Back to Journals » Drug Design, Development and Therapy » Volume 9

In vitro and in vivo anti-angiogenic activity of girinimbine isolated from Murraya koenigii

Authors Iman V, Karimian H, Mohan S, Hobani Y, Noordin MI, Mustafa M, Mohd Noor S

Received 22 July 2014

Accepted for publication 1 September 2014

Published 3 March 2015 Volume 2015:9 Pages 1281—1292

DOI https://doi.org/10.2147/DDDT.S71557

Checked for plagiarism Yes

Review by Single-blind

Peer reviewer comments 2

Editor who approved publication: Professor Shu-Feng Zhou


Venoos Iman,1 Hamed Karimian,1 Syam Mohan,2 Yahya Hasan Hobani,2 Mohamed Ibrahim Noordin,1 Mohd Rais Mustafa,3 Suzita Mohd Noor4

1Department of Pharmacy, Faculty of Medicine, University of Malaya, Kuala Lumpur, Malaysia; 2Medical Research Center, University of Jazan, Jazan, Saudi Arabia; 3Department of Pharmacology, Centre for Natural Products and Drug Discovery (CENAR), Faculty of Medicine, University of Malaya, Kuala Lumpur, Malaysia; 4Department of Biomedical Science, Faculty of Medicine, University of Malaya, Kuala Lumpur, Malaysia


Abstract: Girinimbine is a carbazole alkaloid isolated from the stem bark and root of Murraya koenigii. Here we report that girinimbine is an inhibitor of angiogenic activity both in vitro and in vivo. MTT results showed that girinimbine inhibited proliferation of human umbilical vein endothelial cells, while results from endothelial cell invasion, migration, tube formation, and wound healing assays demonstrated significant time- and dose-dependent inhibition by girinimbine. A proteome profiler array done on girinimbine-treated human umbilical vein endothelial cells showed that girinimbine had mediated regulation of pro-angiogenic and anti-angiogenic proteins. The anti-angiogenic potential of girinimbine was also evidenced in vivo in the zebrafish embryo model wherein girinimbine inhibited neo vessel formation in zebrafish embryos following 24 hours of exposure. Together, these results showed that girinimbine could effectively suppress angiogenesis, suggestive of its therapeutic potential as a novel angiogenesis inhibitor.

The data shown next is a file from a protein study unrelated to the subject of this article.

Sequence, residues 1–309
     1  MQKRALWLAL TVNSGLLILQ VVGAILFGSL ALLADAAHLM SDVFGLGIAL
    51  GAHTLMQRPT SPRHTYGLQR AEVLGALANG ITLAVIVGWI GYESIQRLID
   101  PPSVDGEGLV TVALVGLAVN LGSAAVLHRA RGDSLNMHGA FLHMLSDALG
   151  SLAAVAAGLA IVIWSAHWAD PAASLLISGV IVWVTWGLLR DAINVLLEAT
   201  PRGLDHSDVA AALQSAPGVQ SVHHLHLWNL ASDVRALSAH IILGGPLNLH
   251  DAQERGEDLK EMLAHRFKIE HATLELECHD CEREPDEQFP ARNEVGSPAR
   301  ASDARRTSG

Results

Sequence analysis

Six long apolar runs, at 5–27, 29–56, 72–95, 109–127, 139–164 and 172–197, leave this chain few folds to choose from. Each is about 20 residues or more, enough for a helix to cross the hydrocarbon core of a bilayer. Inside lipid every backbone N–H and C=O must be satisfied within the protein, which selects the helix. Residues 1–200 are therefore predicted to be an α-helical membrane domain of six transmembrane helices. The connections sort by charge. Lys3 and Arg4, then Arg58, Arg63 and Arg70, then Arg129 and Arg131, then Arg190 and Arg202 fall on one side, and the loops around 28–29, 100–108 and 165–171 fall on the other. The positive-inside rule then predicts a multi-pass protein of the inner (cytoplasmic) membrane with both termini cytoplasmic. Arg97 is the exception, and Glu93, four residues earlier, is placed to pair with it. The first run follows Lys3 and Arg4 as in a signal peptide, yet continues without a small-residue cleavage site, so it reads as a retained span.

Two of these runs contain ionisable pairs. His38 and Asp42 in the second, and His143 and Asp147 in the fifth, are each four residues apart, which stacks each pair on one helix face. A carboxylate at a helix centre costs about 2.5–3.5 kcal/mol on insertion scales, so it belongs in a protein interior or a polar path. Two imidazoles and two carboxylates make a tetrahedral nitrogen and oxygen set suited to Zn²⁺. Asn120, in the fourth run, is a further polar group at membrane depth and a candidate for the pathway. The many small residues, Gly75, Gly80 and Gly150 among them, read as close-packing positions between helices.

Keywords: angiogenesis, inhibitor, carbazole alkaloid, zebrafish

Creative Commons License This work is published and licensed by Dove Medical Press Limited. The full terms of this license are available at https://www.dovepress.com/terms.php and incorporate the Creative Commons Attribution - Non Commercial (unported, v3.0) License. By accessing the work you hereby accept the Terms. Non-commercial uses of the work are permitted without any further permission from Dove Medical Press Limited, provided the work is properly attributed. For permission for commercial use of this work, please see paragraphs 4.2 and 5 of our Terms.

Download Article [PDF]  View Full Text [HTML][Machine readable]